[27] See N Rosemann ‘Human rights education — Towards the end of the UN Decade' (2003) 4 Nordic Journal of Human Rights (accessed 15 May 2006).

[28] D Barnhizer ‘Human rights strategies for investigation and ‘‘shaming'', resisting globalisation rhetoric, and education' in D Barnhizer (ed) Effective strategies for protecting human rights: Prevention and intervention, trade and education (2001) 7.

[29] See Addo (n 1 above) 100. See also N Flowers ‘Human rights education in the USA' (2002) in US Department of State (n 17 above) 18.

[30] See the Protocol to the African Charter on Human and Peoples' Rights on the Establishment of an African Court on Human and Peoples' Rights, adopted in Ouagadougou, Burkina Faso, on 9 June 1998 (entered into force on 25 January 2004), Preamble para 7 & art 2.

[31] This can, eg, be a basis for the African Commission to co-operate with such actors as UNESCO and the OHCHR, both of which are concerned with human rights education at the international level. According to the international Plan of Action under the UN Decade for Human Rights Education (1994-2004), the implementation of which was co-ordinated by the aforementioned organisations, regional human rights organs, such as the African Commission, were to be used as focal points with the role of co-ordination. See UN Doc A/51/506 and UN Doc A/52/469.

[32] Resolution on Human and Peoples' Rights Education, Seventh Activity Report of the African Commission on Human and Peoples' Rights (1993-1994) Annex VII. The Commission stated that education in human and peoples' rights is a prerequisite for the effective implementation of the African Charter and other international human rights instruments.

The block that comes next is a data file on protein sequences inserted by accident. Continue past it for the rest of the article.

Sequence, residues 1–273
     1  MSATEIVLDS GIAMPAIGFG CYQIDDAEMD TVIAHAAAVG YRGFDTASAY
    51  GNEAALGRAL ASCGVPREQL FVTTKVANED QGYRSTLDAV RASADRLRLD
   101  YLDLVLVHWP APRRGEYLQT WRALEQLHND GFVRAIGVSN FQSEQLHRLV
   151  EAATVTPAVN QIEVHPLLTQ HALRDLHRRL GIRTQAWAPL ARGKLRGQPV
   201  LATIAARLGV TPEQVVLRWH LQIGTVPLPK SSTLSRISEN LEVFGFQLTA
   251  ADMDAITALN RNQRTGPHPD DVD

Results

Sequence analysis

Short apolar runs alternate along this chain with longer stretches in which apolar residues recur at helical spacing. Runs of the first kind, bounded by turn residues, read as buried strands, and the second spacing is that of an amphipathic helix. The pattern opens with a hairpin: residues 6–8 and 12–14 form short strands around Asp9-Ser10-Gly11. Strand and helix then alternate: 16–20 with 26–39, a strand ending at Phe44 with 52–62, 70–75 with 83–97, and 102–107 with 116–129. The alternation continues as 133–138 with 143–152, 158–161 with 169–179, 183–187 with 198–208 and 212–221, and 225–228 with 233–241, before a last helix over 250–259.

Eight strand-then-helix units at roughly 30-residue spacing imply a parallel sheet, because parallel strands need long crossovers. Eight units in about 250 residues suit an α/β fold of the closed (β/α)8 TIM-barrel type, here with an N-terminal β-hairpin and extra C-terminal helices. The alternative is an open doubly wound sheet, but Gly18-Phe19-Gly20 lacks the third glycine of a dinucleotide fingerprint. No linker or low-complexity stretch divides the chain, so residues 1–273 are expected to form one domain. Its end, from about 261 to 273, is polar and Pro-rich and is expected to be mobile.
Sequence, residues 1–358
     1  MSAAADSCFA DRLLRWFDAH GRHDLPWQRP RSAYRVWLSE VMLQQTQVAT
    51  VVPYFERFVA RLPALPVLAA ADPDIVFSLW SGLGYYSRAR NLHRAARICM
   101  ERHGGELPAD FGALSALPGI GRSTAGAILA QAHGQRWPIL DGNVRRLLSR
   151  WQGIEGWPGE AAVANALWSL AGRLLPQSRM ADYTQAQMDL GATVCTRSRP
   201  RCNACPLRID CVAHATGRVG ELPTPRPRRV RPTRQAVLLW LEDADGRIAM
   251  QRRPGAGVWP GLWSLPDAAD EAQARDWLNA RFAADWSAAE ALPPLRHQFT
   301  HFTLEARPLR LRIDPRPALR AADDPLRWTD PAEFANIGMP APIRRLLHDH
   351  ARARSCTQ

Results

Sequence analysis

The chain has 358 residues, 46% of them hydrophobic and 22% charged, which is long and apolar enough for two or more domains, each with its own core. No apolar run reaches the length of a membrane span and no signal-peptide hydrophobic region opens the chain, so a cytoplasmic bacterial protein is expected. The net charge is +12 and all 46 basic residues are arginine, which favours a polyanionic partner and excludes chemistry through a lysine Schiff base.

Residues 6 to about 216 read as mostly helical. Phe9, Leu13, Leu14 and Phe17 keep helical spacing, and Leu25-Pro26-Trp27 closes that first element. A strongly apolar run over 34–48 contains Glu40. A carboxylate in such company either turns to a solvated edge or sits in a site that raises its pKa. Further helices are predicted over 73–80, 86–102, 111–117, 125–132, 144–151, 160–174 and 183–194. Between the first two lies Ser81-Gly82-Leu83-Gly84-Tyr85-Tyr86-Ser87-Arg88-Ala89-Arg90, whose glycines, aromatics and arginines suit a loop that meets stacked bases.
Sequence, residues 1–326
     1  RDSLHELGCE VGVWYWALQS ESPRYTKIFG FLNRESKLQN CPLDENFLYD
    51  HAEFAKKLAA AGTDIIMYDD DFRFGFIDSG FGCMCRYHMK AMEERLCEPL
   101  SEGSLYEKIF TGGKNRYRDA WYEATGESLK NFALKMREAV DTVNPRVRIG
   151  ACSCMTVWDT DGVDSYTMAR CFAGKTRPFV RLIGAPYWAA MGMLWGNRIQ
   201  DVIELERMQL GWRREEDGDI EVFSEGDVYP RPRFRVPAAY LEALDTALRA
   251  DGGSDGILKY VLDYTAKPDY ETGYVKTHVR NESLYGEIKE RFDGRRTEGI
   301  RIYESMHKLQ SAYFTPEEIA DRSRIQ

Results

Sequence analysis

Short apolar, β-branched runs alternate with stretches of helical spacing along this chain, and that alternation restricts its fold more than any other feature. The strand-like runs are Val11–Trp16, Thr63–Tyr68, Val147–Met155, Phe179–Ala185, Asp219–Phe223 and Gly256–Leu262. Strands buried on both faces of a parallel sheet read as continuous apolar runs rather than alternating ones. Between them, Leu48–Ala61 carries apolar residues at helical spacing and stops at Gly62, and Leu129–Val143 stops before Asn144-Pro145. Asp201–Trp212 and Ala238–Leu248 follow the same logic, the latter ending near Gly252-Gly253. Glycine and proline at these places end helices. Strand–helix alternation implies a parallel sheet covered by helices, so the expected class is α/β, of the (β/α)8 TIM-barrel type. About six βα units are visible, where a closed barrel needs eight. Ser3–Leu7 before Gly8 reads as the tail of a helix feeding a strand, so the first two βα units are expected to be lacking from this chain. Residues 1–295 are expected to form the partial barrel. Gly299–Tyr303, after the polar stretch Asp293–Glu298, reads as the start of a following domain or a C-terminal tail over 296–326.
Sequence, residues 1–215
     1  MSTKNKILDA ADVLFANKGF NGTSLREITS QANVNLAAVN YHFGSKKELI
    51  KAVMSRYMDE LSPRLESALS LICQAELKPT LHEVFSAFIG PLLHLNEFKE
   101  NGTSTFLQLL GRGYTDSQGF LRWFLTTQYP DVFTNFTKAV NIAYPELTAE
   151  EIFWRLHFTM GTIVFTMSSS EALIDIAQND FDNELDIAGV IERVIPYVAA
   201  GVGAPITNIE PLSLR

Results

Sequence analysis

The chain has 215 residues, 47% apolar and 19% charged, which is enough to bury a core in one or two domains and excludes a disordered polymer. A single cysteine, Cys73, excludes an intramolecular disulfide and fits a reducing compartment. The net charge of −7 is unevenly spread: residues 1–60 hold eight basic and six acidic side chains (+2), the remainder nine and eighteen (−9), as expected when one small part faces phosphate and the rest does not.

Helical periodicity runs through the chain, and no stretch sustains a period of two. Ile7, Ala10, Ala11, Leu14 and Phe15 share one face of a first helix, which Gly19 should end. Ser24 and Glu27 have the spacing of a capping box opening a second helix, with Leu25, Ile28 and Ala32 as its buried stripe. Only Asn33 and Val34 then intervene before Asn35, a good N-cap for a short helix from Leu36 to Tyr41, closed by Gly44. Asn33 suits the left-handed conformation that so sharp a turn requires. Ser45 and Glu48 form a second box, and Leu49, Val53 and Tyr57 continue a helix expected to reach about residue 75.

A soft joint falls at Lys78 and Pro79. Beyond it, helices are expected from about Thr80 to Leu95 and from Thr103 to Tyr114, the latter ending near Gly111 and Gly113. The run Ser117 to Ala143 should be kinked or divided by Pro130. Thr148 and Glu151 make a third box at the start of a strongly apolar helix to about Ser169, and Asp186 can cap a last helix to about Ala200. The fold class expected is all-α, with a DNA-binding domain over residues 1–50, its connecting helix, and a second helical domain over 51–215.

[33] Resolution on the African Commission on Human and Peoples' Rights, Promotional Activities, Sixth Activity Report of the Commission (1992-1993). The Commission further requested states to ensure that education for human rights and democracy should involve every organ of society as well as the media. In its Resolution on human rights education (n 32 above), the Commission also requested state parties to ensure that education and information regarding human and peoples' rights are included in the training of law enforcement personnel, public officials and other persons who may be involved in the custody, interrogation or treatment of any individual subjected to any form of arrest, detention or imprisonment.

[34] African Commission on Human and Peoples' Rights: Programme of Activities 1992-1996, Human Rights Conferences and Workshops, Sixth Activity Report (n 33 above) Annex V.

[35] African Commission on Human and Peoples' Rights, Mauritius Plan of Action (1996 — 2001), sec II/3 on Promotional Mission of the African Commission (accessed 28 July 2006).

[36] The First OAU Ministerial Conference on Human Rights in Africa, meeting from 12 to 16 April 1999 in Grand Bay, Mauritius, Grand Bay (Mauritius) Declaration and Plan of Action para 20 (accessed 26 July 2006).

[37] Mid-term evaluation report (n 2 above) para 28.

[38] As above, para 36.

[39] The African Commission has established a procedure for granting affiliate status to national human rights institutions and observer status to NGOs. More that 30 states have national human rights institutions with which the Commission has developed links and over 350 NGOs have observer status at the Commission.

[40] Mid-term evaluation report (n 2 above) para 41. Consecutive conferences of African national human rights institutions have also stressed the need for partnership with NGOs and the African Commission. See the Durban Declaration (second conference held in Durban, South Africa, 1-3 July 1998) paras 8 & 14, and Lome Declaration (third conference held in Lome, Togo, 14-16 March 2001) para 5. The latter urged African institutions to apply for affiliate status with the African Commission.

[41] NGOs have been in the forefront in educating in human rights in Africa. Already in 1993, in a resolution that has actually been proposed by NGOs, the African Commission has taken into consideration the great efforts made by the African NGOs to promote and implement human and peoples' rights through education on both formal and informal levels and decided to intensify its co-operation with the African NGOs on human and peoples' rights education. See Resolution on human rights education (n 32 above).